Smartphones: Apple celebrates ten years of iPhone with the iPhone X
Despite the usual flurry of rumours about the new iPhones I failed to get too excited in advance this time round. But I watched the live presentation last evening (in London) and managed to regain a bit chunk of my previous enthusiasm.
The new iPhone X (the Ten) is a radical departure from the fodder of the past ten years and is indeed a fitting way to start the second decade of Apple’s communication device. Apple has also pulled a fast one in neatly sidestepping the well-established series numbering for the more humble offerings — 5, 5s, 6, 6s, 7. Instead of calling the new “standard” phone the 7s, as was expected, this upgrade to the 7 and 7 Plus is called the 8 and 8 Plus. From a marketing point of view this is a decision that will encourage a greater update among upgraders. Legions of 6 and 6s owners are ripe for the plucking, although I suspect many who bought the iPhone 7 last year will solider on for another year — unless, that is, they are attracted by the all-new iPhone X.
Wanting the latest
Despite the high price (more on that later) the iPhone X is just the model to attract the large proportion of Apple’s customers who always want the latest. And the differences between the rather pedestrian 8 and the X are remarkable.
The design, incorporating edge-to-edge screen technology, brings Apple right up to date in comparison with competitors. Unlike the two-size offerings we saw with the 6 and 7 with the larger, Plus alternatives, the X comes in just one middy size.
For me, this is one of the biggest attractions of the new device. It is slightly larger than the iPhone 7 and 8 but smaller than the Plus versions. Yet because of the screen technology and the absence of a home button, the iPhone X has a larger screen than the Plus models (5.8in compared with 5.5in). It therefore offers all the advantages of the larger phones without the extra width and height which I always found a problem when slotting the 7 Plus into a pocket.
The demise of the home button also has consequences for security. Instead of Touch ID, using fingerprints, we now have Face ID. Just look at the screen and the phone unlocks immediately. There are other tricks in the new system, including expression tracking for use with messaging emoji characters and the use of various fun masks in conjunction with FaceTime. Judging from yesterdays’ demonstration, the FaceTime tracking is faultless and I can see this become fun feature.
Look at the phone, now!
I can see security implications, however. While face recognition is accurate to one in a million, compared with Touch ID’s one in 50,000, there could be problems. Since Touch ID was introduced there have been few reports of thieves forcing donors to use their thumbprints, despite some apocryphal stories of chopped-off digits. But in future it will be a simple matter to point the phone at the victim’s face before running off to a quiet place in order to mine all the data. No doubt Apple has thought of this and I will find there is a neat solution. But it is potentially worrying.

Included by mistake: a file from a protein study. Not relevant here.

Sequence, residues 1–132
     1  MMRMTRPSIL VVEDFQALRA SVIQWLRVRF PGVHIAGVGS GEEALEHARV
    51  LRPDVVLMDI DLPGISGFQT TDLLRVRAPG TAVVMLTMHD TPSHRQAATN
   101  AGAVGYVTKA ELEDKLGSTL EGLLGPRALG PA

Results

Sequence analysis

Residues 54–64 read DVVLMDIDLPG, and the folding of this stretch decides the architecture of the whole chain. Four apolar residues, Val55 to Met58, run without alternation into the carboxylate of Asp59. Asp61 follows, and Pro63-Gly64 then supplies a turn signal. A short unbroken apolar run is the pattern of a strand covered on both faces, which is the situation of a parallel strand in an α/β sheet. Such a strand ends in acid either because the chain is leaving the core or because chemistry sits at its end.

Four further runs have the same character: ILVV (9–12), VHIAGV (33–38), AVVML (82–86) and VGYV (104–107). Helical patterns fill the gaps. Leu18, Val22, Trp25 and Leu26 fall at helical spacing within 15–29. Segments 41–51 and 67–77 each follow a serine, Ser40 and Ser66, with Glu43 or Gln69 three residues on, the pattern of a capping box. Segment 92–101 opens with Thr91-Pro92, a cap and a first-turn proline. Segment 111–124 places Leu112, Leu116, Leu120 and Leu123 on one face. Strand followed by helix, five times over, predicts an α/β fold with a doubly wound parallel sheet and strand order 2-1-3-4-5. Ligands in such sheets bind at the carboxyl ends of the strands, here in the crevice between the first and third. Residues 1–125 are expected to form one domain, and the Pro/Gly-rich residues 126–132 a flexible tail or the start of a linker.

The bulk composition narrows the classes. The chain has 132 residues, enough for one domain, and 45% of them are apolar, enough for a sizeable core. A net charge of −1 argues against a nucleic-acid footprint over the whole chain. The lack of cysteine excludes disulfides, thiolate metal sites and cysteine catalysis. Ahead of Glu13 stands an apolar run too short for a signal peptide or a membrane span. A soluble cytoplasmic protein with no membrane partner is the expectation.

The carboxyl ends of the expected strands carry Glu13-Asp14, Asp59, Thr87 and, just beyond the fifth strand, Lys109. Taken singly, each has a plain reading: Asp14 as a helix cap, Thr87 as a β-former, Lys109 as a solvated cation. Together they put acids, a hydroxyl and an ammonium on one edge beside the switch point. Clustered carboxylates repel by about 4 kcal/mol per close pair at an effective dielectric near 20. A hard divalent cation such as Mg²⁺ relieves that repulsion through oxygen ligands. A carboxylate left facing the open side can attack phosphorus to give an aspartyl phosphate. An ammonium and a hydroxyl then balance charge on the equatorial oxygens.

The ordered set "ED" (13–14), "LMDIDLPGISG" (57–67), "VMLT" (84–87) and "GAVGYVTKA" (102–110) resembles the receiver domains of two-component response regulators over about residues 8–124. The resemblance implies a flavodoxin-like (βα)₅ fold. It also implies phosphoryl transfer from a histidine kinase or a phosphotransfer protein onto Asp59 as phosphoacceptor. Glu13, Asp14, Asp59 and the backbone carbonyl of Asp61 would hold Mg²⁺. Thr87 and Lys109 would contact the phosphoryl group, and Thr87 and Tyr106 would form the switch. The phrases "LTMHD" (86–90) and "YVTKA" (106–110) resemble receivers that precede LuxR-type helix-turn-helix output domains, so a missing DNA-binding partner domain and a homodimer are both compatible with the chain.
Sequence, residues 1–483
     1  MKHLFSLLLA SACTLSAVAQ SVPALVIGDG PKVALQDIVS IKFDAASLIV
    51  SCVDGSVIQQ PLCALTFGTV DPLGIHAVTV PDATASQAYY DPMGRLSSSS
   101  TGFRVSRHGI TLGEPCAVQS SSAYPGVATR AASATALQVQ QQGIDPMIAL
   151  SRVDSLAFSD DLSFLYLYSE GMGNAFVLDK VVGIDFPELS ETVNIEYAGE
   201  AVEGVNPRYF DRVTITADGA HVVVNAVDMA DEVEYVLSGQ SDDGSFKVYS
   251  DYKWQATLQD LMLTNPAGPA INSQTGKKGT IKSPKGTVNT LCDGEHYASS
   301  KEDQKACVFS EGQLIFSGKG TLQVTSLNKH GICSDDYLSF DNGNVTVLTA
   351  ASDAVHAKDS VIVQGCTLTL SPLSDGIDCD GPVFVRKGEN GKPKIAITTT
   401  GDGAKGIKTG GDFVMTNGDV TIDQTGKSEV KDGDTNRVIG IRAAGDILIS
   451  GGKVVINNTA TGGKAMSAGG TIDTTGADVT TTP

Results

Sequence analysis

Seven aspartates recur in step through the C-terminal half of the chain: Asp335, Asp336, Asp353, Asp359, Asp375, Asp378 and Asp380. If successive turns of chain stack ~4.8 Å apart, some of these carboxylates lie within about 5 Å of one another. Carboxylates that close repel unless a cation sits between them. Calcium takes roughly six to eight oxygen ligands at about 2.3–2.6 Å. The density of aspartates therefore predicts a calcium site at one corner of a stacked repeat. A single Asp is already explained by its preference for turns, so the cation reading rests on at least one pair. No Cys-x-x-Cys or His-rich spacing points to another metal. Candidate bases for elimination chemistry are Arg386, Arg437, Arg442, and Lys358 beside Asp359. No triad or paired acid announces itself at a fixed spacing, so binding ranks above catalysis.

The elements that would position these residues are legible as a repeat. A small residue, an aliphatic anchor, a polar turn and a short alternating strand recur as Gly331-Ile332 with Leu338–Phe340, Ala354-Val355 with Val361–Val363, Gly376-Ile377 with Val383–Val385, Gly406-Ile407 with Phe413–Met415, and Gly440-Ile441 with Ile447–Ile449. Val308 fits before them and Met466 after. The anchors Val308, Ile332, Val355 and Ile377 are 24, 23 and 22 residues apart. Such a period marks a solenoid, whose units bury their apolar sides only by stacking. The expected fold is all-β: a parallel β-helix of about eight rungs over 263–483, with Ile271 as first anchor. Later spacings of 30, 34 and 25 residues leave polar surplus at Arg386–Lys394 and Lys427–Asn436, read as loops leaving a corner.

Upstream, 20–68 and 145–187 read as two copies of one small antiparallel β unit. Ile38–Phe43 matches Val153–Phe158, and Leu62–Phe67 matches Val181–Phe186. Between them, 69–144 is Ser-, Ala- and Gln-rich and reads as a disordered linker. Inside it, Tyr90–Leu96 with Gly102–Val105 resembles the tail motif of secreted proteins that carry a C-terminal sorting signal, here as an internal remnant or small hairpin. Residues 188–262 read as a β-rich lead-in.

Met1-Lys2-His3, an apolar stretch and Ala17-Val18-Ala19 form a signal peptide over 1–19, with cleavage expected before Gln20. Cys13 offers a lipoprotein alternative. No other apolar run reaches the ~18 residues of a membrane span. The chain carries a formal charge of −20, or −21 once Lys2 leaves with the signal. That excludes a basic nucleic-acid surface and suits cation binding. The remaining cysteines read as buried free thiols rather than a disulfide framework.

This aspect aside, face recognition (if it works as reliably as Apple says) will be a boon. Many of us consult our phones dozens of times a day. Moving from having to enter a PIN code to Touch ID was a great advance; but FaceID is quite revolutionary. The astounding thing about it is that it learns as you use it. It can adapt to changes in your face (such as adding glasses or a beard) and is not fazed by caps, scarves or other partial coverings.
Apple now has a range of phones to suit most tastes and price points. Only the top tier of smartphone addicts (including me, I confess) will immediately choose the iPhone X. Others will stick with the more traditional iPhone 8 and 8 Plus for another year or so. By that time, I fully expect, the ground-breaking X will become the new norm.
Price is something else. Since the launch of the iPhone ten years ago we have become used to a gradual escalation in price. At that time even top-line phones and PDAs cost no more than £300. Now we are being asked to pay £999 for the iPhone X. For a phone! But, wait a minute, the iPhone X should not be thought of as a mere phone (in fact, you could argue that the original iPhone broke the phone/communicator barrier for the first time).
Is it still a phone?
Making phone calls is now a relatively minor attribute of today’s smartphones. They have become our portable computer/communicator of choice and, as such, the higher prices are more justifiable. We also should not forget inflation and, in the case of the UK, the result of the fall in value of the Pound).
ButI wonder how long it will be before the “phone” is dropped from the smarpthone generic. Sometimes events just take over as they did, for instance, with the British retailer Car Phone Warehouse. This company was founded when the only cellular phones were to be found in cars. That was the big business of the time, hence the name of the company, and the few portables were enormous and thoroughly impractical. Now, the car phone is dead but Car Phone Warehouse soldiers on with an out-dated moniker. So it is these days with the smartphone. Smart communicator would be nearer the reality.
Apple has just surprised everyone again with the iPhone X and I believe it will be more successful than pundits are saying. It will again cream off the top segment of the market and prove ultra profitable for Apple. And the trail of older models, down to venerable iPhone SE, keep the aspirational buyers happy. It’s a bit like seats on a plane — the premium classes pay for all the operational costs while economy passengers are the icing on the cake.